Dealing with temper tantrums in children

A constantly fussing kid who screams, kicks or even hits others or things when they are upset or frustrated can be a nightmare, especially when one doesn’t know what it is they are going through or what’s causing their aggravation.

A constantly fussing kid who screams, kicks or even hits others or things when they are upset or frustrated can be a nightmare, especially when one doesn’t know what it is they are going through or what’s causing their aggravation.

In Julienne Utamuriza’s case, her two-year-old son’s indication of wanting something is with loud cries and squeals. She says her son always reacts that way when he is uncomfortable or doesn’t like a particular thing or actually wants something.

“When my son is hungry or tired he gets so cranky though at times he reacts likes that over something so minor and it’s sometimes stressing,” Utamuriza says.

“When he is that cranky I give him what he wants to soothe him although sometimes, the only thing I can do is distract him, especially if what he wants can harm him. I remember one time he cried all over the place because I had stopped him from playing in the rain. I had to look for his favourite toy to make him forget,” she adds.

Utamuriza’s son’s behaviour can be termed as temper tantrums, a situation that is experienced mostly by children under the age of three and in some cases in children of adolescent age.

Temper tantrums range from whining and crying to screaming and in some cases hitting. Though tantrums are downright frustrating, parents can actually use them as an opportunity to teach their little ones certain skills like that of managing frustration according to professionals.

Dr Wilbur Bushara, a general practitioner at Herna Medical Centre in Kigali, explains that tantrums are expressions young children use to show parents that they are upset or frustrated.

Tantrums are common during the second year of a child because it is the time when they are developing language skills.

He cites instances such as crying, shouting, holding breath and deep crying, among others, as ways certain kids react when experiencing temper tantrums.

Bushara, however, notes that such is a normal part of development during child growth, saying that children usually throw temper tantrums simply because they are still toddlers who can’t speak or clearly bring out words.

“Some of the causes of tantrums include a parent’s failure to give the child attention, taking away what they need, over stimulation and hunger, among others,” he says.

Children sometimes desire freedom and control over their actions and this can lead to a struggle, Bushara says, adding that: “A child may want to do something and when they discover that they can’t do it that’s when trouble sets in and hence a tantrum.”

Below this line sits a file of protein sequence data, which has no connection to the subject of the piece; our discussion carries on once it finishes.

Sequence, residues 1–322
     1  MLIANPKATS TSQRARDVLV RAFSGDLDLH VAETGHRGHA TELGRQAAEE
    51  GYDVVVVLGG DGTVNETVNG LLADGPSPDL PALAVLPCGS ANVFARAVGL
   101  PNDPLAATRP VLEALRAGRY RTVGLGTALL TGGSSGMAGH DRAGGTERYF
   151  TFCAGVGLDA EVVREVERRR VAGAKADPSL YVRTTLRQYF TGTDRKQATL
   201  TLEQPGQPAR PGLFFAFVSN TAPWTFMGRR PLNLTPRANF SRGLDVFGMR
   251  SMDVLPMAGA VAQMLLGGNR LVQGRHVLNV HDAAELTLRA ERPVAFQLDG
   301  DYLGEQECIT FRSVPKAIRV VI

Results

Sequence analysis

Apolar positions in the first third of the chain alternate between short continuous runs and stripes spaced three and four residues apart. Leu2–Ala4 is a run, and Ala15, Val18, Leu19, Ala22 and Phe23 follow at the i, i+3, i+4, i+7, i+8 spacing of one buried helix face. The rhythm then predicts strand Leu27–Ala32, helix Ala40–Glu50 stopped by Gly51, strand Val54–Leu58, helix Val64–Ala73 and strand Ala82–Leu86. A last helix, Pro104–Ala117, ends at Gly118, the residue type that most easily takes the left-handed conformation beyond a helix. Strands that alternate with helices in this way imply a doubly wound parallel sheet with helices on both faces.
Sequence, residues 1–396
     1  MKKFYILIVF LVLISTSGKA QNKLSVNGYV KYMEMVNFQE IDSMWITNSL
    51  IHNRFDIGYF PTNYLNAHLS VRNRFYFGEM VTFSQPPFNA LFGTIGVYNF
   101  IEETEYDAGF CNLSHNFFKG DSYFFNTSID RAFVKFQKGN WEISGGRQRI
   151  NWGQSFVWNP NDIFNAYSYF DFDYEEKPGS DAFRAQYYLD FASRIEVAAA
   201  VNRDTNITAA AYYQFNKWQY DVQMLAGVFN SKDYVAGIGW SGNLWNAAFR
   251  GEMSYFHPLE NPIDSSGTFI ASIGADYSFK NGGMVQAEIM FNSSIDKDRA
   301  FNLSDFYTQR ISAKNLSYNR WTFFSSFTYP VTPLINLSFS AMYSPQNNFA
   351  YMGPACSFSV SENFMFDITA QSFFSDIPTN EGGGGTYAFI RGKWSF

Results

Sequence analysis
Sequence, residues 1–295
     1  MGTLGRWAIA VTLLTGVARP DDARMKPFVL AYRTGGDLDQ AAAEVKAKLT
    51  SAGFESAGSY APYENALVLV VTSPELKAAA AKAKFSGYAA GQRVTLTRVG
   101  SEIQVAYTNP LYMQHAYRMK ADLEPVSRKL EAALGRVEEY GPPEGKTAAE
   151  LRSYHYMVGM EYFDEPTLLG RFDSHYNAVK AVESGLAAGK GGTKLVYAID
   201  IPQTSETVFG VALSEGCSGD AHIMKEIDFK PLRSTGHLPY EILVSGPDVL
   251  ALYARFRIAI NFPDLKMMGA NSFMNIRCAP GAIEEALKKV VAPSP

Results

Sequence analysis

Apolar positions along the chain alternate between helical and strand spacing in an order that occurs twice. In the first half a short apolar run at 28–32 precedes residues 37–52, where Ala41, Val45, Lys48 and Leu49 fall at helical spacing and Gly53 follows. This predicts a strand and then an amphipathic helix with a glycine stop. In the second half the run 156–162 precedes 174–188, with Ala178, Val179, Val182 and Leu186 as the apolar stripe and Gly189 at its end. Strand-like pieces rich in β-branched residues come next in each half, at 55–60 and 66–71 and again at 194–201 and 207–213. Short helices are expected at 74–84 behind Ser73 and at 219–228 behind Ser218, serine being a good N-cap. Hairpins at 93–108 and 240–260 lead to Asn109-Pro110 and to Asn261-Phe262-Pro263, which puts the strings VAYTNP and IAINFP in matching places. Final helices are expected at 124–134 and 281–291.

Dr Rachna Pande, a specialist in internal medicine, concurs with Bushara that temper tantrums in kids and adolescents can be due to many reasons.

“In a small child it may simply be attention seeking or they may be hungry or feeling unwell. In an adolescent or teenager, it is part of growing up due to hormonal changes,” she explains.

She says that when an individual feels they are not a baby anymore it makes them resent well-meaning counselling and interference by parents because they ‘want maximum freedom’. “Children in that stage are so much influenced by peer pressure and want to show off that they are independent and can stand up against elders.”

Dr Pande says there are social causes to tantrums as well.

“With more families getting nuclear and both parents working, a growing child does not have mature people in the house that would listen to them patiently and give them due attention and guidance. In the end they have nobody else to help them vent out their frustration,” she says.

One’s genes and the conduct of parents too can have a part in this situation, Pande says. “Sometimes it is following a parent who is short-tempered and maybe abusive and a child too feels that it is only in this way any demand may be met.”

Pande, however, advises parents to become more of friends to their growing child and spare time for them.

“Discreetly it is important to keep a watch on your child’s activities and the friends they keep. Patiently and lovingly, the child should be told to the difference between polite and impolite behaviour and how it can positively or negatively influence their future life,” she says.

Pande also advises on rewarding children when they do good as this will motivate them to aspire to behave better.

Most importantly, she says, it is essential that the parents exhibit that kind of behaviour which they expect from their child – that is to be polite and calm at all times.

editorial@newtimes.co.rw

 

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